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Future-shaping projects

Saving wild buffaloes in Canada means saving biodiversity and water

How a data scientist is protecting buffalo habitats

Remote sensing technology is helping to safeguard endangered buffalo in Northern Alberta.

When Alex De Spiegeleer first saw a map showing the amount of natural habitat in Canada ravaged by forest fires and logging, he was shocked.

“I really didn’t think it would be that much,” he says. “You often hear about hundreds or thousands of hectares burning, but it’s sometimes difficult to comprehend the scale of it. But when you see an actual map of what has happened over the past 30 or 40 years, across a country the size of Canada, it’s crazy. And when you think about the potential damage that could happen in the coming years because of climate change, the future doesn’t look so good.”

Alex, who is from Belgium and now based in Sweden, is a data scientist with Sogeti, part of Capgemini. His passion for protecting wildlife and natural habitats is reflected in many of the projects on which he has worked.

They include monitoring the damage to forests by natural pests such as the spruce bark beetle and using remote sensing to survey vegetation on the seabed along the length of the Swedish coast.

“I’ve also worked with satellite technology before, measuring plasma around the Earth,” he says. “It’s always good to know that when we are working at the cutting edge of technology, using AI and data from satellites, we can be doing something good for the world.”

Saving threatened animals

Alex’s latest project used data to map the impacts of wildfire and logging activity across the natural habitats of Northern Alberta, Canada.

Alex and the team from Sogeti worked with ShagowAskee, a group of Indigenous elders, knowledge keepers, and trappers from the region who know firsthand the cumulative impact wildfires and logging have on critical wood buffalo habitat.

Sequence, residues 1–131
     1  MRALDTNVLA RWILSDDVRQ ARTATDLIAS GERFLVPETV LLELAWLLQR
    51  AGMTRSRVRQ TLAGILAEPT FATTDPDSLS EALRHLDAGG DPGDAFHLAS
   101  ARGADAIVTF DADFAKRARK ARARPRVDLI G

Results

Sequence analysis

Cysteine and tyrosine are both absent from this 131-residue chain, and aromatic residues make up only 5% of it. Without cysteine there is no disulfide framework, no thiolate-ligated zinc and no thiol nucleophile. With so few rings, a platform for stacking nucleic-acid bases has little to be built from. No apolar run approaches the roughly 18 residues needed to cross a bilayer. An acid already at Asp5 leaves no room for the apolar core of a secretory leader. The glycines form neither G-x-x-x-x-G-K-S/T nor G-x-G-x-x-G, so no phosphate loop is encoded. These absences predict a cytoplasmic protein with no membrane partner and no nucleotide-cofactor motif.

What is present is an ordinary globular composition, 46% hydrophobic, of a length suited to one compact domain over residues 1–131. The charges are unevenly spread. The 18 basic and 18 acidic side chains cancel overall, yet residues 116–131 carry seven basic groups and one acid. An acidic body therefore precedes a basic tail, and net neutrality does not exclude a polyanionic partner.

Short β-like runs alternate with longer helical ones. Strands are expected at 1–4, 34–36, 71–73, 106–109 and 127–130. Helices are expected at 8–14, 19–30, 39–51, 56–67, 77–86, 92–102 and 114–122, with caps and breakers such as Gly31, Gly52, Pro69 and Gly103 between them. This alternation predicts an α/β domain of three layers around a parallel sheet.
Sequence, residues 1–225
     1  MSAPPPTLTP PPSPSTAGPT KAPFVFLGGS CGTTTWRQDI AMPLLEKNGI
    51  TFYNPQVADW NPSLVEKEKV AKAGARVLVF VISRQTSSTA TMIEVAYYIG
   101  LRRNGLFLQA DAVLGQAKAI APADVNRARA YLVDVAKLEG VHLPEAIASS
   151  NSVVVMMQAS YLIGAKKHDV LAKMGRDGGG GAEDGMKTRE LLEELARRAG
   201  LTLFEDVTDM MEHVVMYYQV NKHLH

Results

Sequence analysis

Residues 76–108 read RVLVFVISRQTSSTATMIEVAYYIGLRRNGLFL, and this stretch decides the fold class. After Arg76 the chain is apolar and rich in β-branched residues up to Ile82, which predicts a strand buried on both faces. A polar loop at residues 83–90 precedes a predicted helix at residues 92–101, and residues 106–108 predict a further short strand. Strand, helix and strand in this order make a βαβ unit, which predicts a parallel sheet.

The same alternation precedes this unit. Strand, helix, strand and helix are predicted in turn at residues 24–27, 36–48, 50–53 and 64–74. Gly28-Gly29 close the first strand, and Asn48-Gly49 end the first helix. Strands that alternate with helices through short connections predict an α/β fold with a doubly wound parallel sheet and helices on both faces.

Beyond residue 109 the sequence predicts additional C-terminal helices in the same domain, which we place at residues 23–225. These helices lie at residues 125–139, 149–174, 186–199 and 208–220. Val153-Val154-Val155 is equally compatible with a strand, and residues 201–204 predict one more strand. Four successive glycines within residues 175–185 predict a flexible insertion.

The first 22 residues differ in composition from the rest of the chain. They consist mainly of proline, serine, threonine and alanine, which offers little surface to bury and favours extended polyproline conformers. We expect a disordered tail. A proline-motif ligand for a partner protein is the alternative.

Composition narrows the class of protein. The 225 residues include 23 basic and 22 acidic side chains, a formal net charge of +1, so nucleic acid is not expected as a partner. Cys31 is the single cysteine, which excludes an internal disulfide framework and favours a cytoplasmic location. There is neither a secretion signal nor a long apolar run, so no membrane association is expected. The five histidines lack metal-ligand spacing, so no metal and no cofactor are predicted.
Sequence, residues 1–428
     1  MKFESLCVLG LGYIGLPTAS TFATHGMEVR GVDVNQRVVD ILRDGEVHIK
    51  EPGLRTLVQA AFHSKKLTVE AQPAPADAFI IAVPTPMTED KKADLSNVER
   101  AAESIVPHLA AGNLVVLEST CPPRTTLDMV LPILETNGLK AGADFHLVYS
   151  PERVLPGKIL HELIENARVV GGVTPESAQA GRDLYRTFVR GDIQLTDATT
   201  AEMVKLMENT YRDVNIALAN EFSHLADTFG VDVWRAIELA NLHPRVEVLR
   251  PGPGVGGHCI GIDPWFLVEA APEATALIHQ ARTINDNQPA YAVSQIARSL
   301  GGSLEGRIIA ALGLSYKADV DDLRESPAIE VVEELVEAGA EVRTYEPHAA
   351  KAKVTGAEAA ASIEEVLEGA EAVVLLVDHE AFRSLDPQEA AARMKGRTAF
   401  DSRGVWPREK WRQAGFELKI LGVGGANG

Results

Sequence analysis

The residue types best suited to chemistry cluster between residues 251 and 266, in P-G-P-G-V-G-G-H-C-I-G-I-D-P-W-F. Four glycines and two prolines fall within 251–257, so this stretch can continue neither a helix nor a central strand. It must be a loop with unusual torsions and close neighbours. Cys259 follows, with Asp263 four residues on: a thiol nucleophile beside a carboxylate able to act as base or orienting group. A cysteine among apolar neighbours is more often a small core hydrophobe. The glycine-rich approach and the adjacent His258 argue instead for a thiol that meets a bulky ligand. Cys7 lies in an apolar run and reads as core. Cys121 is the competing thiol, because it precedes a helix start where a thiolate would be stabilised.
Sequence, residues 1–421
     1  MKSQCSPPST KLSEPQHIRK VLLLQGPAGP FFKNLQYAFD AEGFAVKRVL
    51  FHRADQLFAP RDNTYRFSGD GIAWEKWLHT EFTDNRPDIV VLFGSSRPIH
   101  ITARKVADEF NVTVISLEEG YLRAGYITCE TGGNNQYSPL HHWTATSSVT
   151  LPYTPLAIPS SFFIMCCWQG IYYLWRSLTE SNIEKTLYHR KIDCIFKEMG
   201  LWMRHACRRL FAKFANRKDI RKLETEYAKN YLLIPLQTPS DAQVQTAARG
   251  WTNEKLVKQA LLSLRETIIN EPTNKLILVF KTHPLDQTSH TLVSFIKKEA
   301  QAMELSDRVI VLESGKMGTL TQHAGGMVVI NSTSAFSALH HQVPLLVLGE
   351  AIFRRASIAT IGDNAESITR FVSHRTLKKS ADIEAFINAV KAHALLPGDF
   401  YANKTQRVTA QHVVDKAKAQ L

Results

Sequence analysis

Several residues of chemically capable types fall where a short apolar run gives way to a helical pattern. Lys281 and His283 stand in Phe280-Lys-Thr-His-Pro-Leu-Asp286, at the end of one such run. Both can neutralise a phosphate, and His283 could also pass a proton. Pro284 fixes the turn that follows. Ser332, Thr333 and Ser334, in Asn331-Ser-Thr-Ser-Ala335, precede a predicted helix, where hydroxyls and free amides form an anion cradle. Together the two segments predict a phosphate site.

The project had a specific and urgent goal: to provide a detailed and accurate map of the current state of Northern Alberta’s natural habitats, in order to protect a culturally significant herd of endangered wood buffalo and the land they need to survive.

For the project, Alex used a combination of AI, geographical information systems (GIS) technology, and geo-satellite intelligence (GSI) solutions, to provide new information about where vital wood buffalo habitat has been lost.

“In the past, the wood buffalo thrived and the population was large,” says Alex. “But in the last few decades, because of human activity and wildfires, their habitat has changed and they are now confined to small areas. These wild buffalo need to be protected, but their natural habitat is shrinking year by year.”

The goal for Sogeti was to gather data to produce a rapid analysis of Alberta’s vast forest landscapes, using satellite imagery and digital technologies that could support ShagowAskee’s local knowledge.

“We needed an accurate picture of the habitat as it is now,” says Alex. “When we can see the composition of land, it helps local organizations understand where and how they can protect the buffalo – as well as other important species.”

Making experience count

The extent of the fires in Canada between 1985 and 2020

“One challenge on a project like this, is that you only have a small amount of time to work with the data,” says Alex. “A group such as ShagowAskee may not have a big budget, so you need to bring all your experience of working with data to the project quickly and still provide a solution that can have a big impact.”

Alex’s own experience helped him develop a useful solution quickly. “Having worked a lot with data gives me an advantage when working on new projects. I need to think quickly about how best to analyze it, structure it, and get meaningful results. Sometimes it’s not about reinventing the wheel, it’s about being clever with the data that’s available to you. For ShagowAskee, I added new satellite data analysis from the last few years in addition to already existing mappings that went back to the 1980s.” 

Sustainable future

A buffalo captured by a camera trap set up by ShagowAsee. Published with permission from ShagowAskee.

Alex says that the data will help ShagowAskee clearly demonstrate evidence of the threat to the buffalo population.

”It’s about supporting ShagowAskee and making sure its message is heard by those in charge of protecting the land. Personally, I want to keep on working on projects like this that make the world a better place and that drive towards a sustainable future.

“It’s important to know you have built something that is useful for people, and that it helps to protect their environment and their way of life. It’s about doing something useful for the world. It’s about making a positive impact.” While data, AI, GIS, and GSI technologies are important tools in projects which protect the wild buffalo, biodiversity, or water in Northern Alberta, what is at the heart of such projects is the human determination to do something good for the world which forms the foundation of a project’s success.


Working with Sogeti, a part of the Capgemini Group, ShagowAskee uses a Geo Satellite Intelligence and AI solution to visualize and analyze the e